Plane & Pilot
Saturday, December 1, 2007

Micco SP26A: Capable Aerobat


This is that rare machine: a fun gentleman’s aerobat capable of cross-country travel or a Saturday-afternoon hamburger flight


Usable fuel in each wing is 14 gallons inboard and 34 gallons outboard, for a total of 96 gallons, all stored in wet wings. In a typical light IFR configuration, the SP26 can carry full outboard tanks and two folks plus toothbrushes. Flying solo, a pilot can fill all the tanks to 96 gallons total and enjoy nearly eight hours of endurance at economy cruise.

Standard gross weight in the utility category is 2,850 pounds. If you're a fan of acro, the Micco is approved for vertical fun at a slightly reduced takeoff weight, 2,650 pounds. With two folks and parachutes aboard, standard procedure is to top the inboard tanks with 28 gallons and still have enough fuel for more than an hour of high-performance freedom.

(It's not a major limitation, but the airplane is placarded with a max landing weight of 2,680 pounds. That means if you depart at gross, you'll need to burn down about 28 gallons before you can land. A landing-weight limitation is usually imposed to reduce landing stresses on the center section of the airplane.)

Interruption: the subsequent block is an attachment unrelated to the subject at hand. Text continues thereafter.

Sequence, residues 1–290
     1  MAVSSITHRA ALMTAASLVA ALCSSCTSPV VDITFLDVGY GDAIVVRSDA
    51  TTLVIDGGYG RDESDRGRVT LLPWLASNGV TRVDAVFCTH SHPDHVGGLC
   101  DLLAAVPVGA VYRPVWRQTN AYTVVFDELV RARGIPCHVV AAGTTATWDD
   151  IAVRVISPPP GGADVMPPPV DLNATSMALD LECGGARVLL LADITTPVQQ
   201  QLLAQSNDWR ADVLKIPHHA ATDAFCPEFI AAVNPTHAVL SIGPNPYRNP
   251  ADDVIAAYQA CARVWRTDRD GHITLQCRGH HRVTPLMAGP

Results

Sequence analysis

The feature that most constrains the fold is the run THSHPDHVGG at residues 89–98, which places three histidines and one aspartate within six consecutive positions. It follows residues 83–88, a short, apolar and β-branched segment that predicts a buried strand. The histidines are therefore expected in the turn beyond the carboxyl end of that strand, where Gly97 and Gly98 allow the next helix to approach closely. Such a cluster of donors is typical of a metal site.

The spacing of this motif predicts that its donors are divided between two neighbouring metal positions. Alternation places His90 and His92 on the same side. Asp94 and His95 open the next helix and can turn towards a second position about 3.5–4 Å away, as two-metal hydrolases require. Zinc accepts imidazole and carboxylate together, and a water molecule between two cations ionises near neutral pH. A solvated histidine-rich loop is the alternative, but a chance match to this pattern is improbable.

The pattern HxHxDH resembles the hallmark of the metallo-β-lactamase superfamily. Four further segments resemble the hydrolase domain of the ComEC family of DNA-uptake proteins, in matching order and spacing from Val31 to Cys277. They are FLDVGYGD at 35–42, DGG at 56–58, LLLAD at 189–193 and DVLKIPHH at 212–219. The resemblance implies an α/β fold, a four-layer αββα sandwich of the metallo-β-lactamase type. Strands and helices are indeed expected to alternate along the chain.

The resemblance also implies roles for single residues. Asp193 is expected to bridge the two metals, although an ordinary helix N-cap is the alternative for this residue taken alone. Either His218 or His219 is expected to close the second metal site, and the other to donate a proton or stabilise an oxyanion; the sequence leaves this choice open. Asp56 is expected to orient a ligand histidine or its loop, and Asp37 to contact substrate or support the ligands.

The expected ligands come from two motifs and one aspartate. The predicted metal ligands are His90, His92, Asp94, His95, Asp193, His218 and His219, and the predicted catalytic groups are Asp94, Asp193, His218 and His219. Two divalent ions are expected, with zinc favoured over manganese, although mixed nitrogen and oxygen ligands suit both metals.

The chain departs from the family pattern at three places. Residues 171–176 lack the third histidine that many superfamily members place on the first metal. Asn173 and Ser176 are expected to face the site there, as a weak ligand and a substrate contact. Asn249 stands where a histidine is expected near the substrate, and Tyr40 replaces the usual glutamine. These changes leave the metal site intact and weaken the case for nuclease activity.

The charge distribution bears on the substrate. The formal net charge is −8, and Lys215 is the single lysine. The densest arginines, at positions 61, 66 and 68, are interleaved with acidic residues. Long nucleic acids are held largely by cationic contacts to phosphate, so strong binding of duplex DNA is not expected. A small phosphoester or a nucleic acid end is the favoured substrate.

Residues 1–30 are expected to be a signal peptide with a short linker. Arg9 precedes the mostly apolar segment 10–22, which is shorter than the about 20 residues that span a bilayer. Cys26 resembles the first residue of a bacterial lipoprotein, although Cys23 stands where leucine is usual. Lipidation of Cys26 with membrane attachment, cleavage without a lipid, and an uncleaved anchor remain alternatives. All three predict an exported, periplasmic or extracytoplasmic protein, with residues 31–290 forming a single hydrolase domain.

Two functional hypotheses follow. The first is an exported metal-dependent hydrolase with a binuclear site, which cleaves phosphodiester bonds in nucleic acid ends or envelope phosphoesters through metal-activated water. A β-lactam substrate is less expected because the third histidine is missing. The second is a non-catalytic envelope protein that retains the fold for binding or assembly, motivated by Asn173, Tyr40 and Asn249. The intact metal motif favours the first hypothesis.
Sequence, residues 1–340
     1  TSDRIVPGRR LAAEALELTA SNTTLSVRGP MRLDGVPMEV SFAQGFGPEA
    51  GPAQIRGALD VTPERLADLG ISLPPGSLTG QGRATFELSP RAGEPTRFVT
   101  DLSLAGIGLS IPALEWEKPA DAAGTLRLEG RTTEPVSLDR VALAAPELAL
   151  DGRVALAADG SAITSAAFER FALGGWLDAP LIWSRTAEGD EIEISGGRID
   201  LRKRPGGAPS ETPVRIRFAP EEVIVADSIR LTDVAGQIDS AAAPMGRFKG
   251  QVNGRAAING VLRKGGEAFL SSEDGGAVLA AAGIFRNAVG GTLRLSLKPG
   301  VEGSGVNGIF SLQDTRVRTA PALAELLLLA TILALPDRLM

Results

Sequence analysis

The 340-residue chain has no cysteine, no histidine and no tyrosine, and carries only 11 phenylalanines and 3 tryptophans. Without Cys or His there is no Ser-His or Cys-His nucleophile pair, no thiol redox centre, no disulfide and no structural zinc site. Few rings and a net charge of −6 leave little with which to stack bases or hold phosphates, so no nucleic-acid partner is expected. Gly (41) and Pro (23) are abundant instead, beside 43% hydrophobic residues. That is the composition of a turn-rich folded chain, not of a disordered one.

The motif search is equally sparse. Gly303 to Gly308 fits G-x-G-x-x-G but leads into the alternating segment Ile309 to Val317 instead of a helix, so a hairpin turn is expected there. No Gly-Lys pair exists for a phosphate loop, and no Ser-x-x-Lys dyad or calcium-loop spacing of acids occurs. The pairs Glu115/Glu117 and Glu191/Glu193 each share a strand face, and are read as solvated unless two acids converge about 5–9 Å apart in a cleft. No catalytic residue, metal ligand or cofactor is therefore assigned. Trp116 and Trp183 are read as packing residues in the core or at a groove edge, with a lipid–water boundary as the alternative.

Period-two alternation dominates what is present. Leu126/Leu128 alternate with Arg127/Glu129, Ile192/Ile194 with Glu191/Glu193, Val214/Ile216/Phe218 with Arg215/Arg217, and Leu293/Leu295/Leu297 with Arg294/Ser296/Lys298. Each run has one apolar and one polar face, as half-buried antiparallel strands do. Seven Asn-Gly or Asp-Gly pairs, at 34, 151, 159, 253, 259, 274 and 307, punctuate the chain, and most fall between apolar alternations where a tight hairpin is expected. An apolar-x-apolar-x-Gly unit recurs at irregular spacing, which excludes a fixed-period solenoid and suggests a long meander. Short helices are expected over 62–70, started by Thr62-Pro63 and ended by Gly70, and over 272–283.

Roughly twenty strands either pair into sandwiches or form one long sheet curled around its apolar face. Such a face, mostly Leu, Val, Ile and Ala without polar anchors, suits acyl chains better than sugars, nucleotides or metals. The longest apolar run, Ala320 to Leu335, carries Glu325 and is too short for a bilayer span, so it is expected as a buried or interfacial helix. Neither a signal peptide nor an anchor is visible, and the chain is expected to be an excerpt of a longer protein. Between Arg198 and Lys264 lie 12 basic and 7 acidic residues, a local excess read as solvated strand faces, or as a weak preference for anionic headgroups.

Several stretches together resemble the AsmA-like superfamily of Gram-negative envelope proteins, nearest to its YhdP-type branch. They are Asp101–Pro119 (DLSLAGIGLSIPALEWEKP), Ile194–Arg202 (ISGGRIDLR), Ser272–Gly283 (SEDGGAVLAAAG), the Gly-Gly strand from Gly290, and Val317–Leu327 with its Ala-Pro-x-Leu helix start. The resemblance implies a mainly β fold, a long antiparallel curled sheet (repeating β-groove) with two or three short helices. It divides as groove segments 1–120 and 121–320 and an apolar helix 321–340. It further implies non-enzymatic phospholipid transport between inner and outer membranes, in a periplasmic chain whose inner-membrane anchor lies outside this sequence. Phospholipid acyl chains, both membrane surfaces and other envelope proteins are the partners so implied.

Handling is exactly what you'd expect from the look of the airplane, sporty and enthusiastic. Control interconnect is with rods to the ailerons and elevators and cables to the rudder. In any mode, response is nearly psychic in either the utility or aerobatic class. Think about a turn, and you're there. A 4-G pull is only a handshake away. Loops come naturally, and barrel rolls, aileron rolls and four points are pretty much no-brainers.

You can't help but wonder if this might make an interesting simulated air-combat aircraft. It does basic acro with a facility and dexterity that suggests it would be comfortable in that mission. Visibility through the bubble canopy is excellent, even looking directly to the rear. Micco tints the top of the SP26's Plexiglass dark gray to avoid any greenhouse effect.

Stated clean stall speed is about 54 knots, but there's plenty of aerodynamic warning. The stall itself is predictable and docile, unlikely to snap the airplane into a spin. It's not hard to imagine a pair of Miccos hassling for bragging rights in the burgeoning fighter-pilot-for-a-day business.

If you're looking to buy a cross-country cruiser, the Micco is only adequate, but then, perhaps you should consider buying a used Mooney or older Bonanza. The Micco's max cruise speed is only 155 knots, and with 260 hp on the nose, that's not terribly impressive. The airplane was never intended as a pure speed demon, however. It's more a fun machine that can combine basic acro with good climb and adequate cruise.



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